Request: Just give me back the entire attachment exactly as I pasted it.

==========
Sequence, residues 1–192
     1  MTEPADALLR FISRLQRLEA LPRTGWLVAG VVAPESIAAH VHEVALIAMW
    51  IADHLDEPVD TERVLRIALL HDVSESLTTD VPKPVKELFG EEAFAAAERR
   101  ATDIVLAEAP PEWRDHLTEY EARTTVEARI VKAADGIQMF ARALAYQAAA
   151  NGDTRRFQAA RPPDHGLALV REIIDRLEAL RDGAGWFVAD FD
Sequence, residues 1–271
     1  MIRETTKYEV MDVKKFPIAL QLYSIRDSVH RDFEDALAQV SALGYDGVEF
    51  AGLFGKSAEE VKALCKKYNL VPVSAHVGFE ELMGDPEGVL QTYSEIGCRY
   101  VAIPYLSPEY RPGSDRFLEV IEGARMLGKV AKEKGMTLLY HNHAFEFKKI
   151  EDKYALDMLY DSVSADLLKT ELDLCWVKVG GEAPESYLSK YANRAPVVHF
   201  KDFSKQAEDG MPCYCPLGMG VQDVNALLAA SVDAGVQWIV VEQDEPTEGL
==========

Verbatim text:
Sequence, residues 1–192
     1  MTEPADALLR FISRLQRLEA LPRTGWLVAG VVAPESIAAH VHEVALIAMW
    51  IADHLDEPVD TERVLRIALL HDVSESLTTD VPKPVKELFG EEAFAAAERR
   101  ATDIVLAEAP PEWRDHLTEY EARTTVEARI VKAADGIQMF ARALAYQAAA
   151  NGDTRRFQAA RPPDHGLALV REIIDRLEAL RDGAGWFVAD FD
Sequence, residues 1–271
     1  MIRETTKYEV MDVKKFPIAL QLYSIRDSVH RDFEDALAQV SALGYDGVEF
    51  AGLFGKSAEE VKALCKKYNL VPVSAHVGFE ELMGDPEGVL QTYSEIGCRY
   101  VAIPYLSPEY RPGSDRFLEV IEGARMLGKV AKEKGMTLLY HNHAFEFKKI
   151  EDKYALDMLY DSVSADLLKT ELDLCWVKVG GEAPESYLSK YANRAPVVHF
   201  KDFSKQAEDG MPCYCPLGMG VQDVNALLAA SVDAGVQWIV VEQDEPTEGL